The Iran nuclear program’s Arak heavy water reactor. Credit: Wikimedia Commons.
(JNS.org) In a letter to U.S. Secretary of State John Kerry, 354 members of the U.S. House of Representatives pressed Kerry to insist on full Iranian transparency regarding its nuclear program with international inspectors as nuclear negotiations resume between Iran and the P5+1—the U.S., U.K., France, Russia, China, and Germany.
The International Atomic Energy Agency (IAEA), the U.N.’s nuclear watchdog group, has sought information of “potential military dimensions” of Iran’s nuclear program. But in a Sept. 5 report, the IAEA said that Iran has failed to meet deadlines outlined by a November 2013 deal in which Iran agreed to work with the IAEA on inspections of its nuclear facilities, including its secretive Parchin military base.
“We believe that Iran’s willingness to fully reveal all aspects of its nuclear program is a fundamental test of Iran’s intention to uphold a comprehensive agreement,” the lawmakers, spearheaded by Reps. Ed Royce (R-Calif.) and Eliot Engel (D-N.Y.), wrote in the Oct. 1 letter to Kerry.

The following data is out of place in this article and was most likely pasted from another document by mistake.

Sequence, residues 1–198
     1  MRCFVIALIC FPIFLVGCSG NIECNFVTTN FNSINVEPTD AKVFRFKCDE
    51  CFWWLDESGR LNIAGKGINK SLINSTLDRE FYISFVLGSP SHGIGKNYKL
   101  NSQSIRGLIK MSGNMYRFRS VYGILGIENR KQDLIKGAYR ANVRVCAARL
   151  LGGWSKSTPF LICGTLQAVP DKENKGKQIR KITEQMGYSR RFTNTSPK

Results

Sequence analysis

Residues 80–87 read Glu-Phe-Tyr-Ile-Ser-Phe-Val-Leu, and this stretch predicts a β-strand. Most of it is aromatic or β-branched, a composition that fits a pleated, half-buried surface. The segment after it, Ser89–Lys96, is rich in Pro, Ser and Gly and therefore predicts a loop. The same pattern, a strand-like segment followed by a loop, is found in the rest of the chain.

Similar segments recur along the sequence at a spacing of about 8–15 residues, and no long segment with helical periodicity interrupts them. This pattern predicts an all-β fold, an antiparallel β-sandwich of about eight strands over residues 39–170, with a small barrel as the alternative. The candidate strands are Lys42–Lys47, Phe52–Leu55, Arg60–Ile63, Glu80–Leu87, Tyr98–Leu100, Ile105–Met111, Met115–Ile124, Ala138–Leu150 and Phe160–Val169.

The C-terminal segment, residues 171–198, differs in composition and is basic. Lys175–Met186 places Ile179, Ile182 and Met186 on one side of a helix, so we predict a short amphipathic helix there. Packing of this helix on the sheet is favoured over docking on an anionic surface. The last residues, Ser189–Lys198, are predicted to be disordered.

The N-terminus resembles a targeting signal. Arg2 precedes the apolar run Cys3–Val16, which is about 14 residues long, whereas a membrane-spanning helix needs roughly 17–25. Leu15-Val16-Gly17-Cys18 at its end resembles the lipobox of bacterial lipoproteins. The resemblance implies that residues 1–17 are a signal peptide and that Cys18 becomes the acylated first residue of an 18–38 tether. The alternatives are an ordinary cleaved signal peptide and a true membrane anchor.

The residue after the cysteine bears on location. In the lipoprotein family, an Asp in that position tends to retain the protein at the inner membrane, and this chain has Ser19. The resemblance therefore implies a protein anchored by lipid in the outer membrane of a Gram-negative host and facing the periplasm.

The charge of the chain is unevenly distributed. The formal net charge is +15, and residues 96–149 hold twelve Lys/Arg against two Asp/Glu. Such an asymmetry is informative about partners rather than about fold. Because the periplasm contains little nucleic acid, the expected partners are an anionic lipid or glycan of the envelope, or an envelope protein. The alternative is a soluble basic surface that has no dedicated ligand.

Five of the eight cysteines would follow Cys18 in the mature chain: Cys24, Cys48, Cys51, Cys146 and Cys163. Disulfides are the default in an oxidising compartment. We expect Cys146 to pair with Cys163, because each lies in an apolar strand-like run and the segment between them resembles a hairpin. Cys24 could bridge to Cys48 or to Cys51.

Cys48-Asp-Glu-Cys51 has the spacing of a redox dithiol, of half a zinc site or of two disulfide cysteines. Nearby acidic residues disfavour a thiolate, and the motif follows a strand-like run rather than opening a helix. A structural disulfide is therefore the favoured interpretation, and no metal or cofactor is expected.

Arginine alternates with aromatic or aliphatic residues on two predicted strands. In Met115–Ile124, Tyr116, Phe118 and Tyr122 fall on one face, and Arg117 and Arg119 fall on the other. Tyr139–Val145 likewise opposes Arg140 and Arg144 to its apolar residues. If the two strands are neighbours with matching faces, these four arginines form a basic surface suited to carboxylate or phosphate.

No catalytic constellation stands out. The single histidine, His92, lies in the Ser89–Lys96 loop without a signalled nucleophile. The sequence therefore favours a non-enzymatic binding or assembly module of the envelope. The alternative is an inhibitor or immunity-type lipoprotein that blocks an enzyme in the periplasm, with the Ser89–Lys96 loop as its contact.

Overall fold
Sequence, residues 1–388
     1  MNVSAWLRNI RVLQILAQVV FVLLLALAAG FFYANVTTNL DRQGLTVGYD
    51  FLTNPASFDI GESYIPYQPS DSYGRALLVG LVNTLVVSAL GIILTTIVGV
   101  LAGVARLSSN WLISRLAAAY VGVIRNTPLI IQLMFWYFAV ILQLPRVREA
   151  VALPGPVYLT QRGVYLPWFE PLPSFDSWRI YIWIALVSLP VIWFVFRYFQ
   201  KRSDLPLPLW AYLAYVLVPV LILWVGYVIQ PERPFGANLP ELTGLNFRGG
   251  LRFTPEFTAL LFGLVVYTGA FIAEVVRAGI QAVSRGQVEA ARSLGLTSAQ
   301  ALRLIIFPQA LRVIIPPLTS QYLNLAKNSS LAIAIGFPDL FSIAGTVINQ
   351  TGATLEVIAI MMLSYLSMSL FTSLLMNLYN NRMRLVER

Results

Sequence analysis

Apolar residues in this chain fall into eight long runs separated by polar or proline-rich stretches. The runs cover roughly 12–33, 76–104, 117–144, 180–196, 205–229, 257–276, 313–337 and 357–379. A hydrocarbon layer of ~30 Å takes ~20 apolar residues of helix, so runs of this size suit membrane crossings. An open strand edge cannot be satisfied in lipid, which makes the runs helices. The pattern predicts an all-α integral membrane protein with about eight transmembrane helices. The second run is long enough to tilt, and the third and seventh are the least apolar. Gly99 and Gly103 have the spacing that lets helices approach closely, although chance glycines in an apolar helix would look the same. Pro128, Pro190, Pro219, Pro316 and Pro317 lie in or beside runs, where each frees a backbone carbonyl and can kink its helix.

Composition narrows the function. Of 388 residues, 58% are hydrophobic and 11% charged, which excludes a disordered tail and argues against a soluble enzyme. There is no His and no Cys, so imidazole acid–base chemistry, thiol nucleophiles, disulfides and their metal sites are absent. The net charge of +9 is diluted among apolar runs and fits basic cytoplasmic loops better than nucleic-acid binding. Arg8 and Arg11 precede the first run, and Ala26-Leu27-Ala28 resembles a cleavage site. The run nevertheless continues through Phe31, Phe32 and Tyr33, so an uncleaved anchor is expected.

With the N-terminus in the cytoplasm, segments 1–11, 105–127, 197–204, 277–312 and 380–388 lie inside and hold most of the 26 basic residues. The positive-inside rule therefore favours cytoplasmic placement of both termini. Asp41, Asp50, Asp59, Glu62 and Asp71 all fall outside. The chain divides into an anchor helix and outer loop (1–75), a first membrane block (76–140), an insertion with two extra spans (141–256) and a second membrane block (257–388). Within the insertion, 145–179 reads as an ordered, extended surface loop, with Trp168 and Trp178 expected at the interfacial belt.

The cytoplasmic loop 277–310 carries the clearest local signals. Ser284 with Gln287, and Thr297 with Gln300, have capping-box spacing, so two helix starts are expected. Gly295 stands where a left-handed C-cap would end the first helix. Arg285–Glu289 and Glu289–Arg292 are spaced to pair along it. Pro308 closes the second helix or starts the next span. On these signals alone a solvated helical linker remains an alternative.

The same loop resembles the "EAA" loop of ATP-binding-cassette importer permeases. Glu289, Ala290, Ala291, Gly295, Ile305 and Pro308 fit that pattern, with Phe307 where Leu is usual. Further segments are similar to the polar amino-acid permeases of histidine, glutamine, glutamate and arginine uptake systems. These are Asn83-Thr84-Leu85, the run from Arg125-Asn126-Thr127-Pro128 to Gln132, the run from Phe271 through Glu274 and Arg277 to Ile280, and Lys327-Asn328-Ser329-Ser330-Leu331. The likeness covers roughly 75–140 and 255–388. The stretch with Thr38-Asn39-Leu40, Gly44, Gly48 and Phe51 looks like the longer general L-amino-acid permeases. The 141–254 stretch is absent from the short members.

“We are concerned that an agreement that accepts Iran’s lack of transparency on this key issue would set the dangerous precedent that certain facilities and aspects of Iran’s nuclear program can be declared off limits by Tehran, resulting in additional wide-ranging restrictions on IAEA inspectors, and making effective verification virtually impossible,” they wrote.
The American Israel Public Affairs Committee (AIPAC) commended the letter.
“The overwhelmingly bipartisan support for this letter reflects Congress’s determination to ensure that any agreement with Iran must prevent Tehran from attaining a nuclear weapons capability,” AIPAC said in a statement.
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